TO INFINITY, AND BEYOND? CAREER AGE, COGNITIVE STRUCTURES, AND CREATIVITY OVER TIME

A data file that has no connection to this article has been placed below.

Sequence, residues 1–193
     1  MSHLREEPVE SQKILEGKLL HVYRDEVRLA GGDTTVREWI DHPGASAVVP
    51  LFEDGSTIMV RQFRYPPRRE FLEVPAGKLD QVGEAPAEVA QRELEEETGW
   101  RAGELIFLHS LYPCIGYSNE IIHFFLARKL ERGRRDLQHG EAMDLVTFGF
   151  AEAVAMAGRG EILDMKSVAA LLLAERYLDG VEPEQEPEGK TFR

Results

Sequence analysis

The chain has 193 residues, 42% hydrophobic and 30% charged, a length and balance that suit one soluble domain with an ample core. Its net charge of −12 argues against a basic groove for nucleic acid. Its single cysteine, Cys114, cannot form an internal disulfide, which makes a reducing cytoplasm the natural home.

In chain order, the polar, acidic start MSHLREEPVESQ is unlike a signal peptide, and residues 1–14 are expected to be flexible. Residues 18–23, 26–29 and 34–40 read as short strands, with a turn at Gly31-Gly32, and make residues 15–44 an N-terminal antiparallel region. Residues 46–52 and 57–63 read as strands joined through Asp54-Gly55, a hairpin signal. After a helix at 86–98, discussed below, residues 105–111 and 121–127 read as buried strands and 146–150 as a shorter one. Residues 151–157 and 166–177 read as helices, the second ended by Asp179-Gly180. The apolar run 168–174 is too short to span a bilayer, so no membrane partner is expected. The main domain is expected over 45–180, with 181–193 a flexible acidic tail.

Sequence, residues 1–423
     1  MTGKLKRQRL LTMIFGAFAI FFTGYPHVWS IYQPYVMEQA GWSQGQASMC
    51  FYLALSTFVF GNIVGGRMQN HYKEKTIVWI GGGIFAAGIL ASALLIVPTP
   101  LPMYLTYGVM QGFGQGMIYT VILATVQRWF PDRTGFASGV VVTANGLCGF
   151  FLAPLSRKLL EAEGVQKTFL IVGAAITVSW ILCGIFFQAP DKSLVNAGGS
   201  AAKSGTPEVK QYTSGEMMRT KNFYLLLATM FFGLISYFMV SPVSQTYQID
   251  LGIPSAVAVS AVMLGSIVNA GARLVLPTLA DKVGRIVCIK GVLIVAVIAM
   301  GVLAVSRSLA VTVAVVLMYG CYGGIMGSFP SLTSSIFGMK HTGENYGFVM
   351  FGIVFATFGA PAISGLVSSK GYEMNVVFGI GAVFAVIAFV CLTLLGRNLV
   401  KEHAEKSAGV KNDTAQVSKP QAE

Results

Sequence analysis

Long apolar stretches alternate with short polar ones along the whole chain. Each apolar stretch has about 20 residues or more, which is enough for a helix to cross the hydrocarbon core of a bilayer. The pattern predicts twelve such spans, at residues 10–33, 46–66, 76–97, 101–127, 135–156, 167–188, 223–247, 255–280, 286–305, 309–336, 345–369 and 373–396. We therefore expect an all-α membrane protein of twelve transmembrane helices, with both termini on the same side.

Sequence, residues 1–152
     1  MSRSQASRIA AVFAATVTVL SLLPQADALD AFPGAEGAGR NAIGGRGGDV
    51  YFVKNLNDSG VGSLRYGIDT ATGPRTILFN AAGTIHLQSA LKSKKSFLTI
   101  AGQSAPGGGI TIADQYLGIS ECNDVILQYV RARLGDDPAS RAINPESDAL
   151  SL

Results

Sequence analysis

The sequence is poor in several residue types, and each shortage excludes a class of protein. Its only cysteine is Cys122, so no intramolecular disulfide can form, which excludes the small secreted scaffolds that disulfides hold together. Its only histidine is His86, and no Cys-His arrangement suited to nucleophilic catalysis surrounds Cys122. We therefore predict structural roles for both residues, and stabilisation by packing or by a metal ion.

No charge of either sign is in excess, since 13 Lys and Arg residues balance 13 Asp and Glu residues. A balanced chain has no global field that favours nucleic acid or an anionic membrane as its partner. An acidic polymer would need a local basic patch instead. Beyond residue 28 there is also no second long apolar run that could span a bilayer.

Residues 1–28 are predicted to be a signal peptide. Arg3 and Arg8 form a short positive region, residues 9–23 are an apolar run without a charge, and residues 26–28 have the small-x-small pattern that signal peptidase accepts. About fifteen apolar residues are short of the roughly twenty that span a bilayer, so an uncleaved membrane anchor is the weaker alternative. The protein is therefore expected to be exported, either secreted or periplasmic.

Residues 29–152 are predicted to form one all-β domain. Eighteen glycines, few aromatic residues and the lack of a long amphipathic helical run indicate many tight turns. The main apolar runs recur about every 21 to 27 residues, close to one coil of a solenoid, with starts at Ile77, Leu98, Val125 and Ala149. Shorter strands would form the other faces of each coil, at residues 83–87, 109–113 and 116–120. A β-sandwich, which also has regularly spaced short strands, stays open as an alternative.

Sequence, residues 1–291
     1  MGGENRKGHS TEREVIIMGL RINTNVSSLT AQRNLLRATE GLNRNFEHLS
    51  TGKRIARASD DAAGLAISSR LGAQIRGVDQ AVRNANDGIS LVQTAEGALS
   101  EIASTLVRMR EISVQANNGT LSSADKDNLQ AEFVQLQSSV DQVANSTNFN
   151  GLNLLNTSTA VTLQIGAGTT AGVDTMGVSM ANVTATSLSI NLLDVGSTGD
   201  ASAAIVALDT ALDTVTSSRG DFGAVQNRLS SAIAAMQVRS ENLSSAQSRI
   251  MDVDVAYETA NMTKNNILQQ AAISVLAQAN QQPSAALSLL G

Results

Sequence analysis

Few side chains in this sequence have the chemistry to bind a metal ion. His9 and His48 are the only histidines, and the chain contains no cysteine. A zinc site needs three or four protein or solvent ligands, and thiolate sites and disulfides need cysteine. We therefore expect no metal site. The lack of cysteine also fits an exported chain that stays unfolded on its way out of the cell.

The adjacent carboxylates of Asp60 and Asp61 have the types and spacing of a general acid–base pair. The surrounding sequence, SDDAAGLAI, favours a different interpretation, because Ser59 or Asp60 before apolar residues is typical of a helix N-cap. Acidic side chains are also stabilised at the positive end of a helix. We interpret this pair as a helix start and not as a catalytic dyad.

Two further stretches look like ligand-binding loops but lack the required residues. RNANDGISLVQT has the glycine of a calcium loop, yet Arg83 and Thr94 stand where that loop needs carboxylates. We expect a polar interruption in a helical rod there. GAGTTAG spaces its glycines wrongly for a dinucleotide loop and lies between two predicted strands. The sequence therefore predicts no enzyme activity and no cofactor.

While there is evidence that creativity varies across individuals’ professional careers, there is still little understanding of the reasons of this variation. Building on research on creativity, career trajectories and individual cognition, I develop a four-phase model of creativity variation. I propose that creativity variation is due to the change in intrinsic motivation and cognitive schemas across an individual’s career. In particular, I propose that intrinsic motivation follows an inverted U-shaped trajectory, while cognitive schemas become increasingly rigid and complex as career age grows. I then attempt to understand why different individuals follow different trajectories by focusing on individuals’ cognitive schemas and knowledge characteristics in terms of depth and breadth. I hypothesize that each knowledge dimension is more beneficial when it complements the effects of career age on schemas, providing individuals with schemas that are both complex and flexible. More specifically, I hypothesize that knowledge depth is more beneficial for creativity in earlier phases of one’s career, while knowledge breadth is more beneficial in later phases. I test and find support for these hypotheses in a longitudinal study set in the context of the Hollywood animation industry. Theoretical and practical implications of the results are discussed.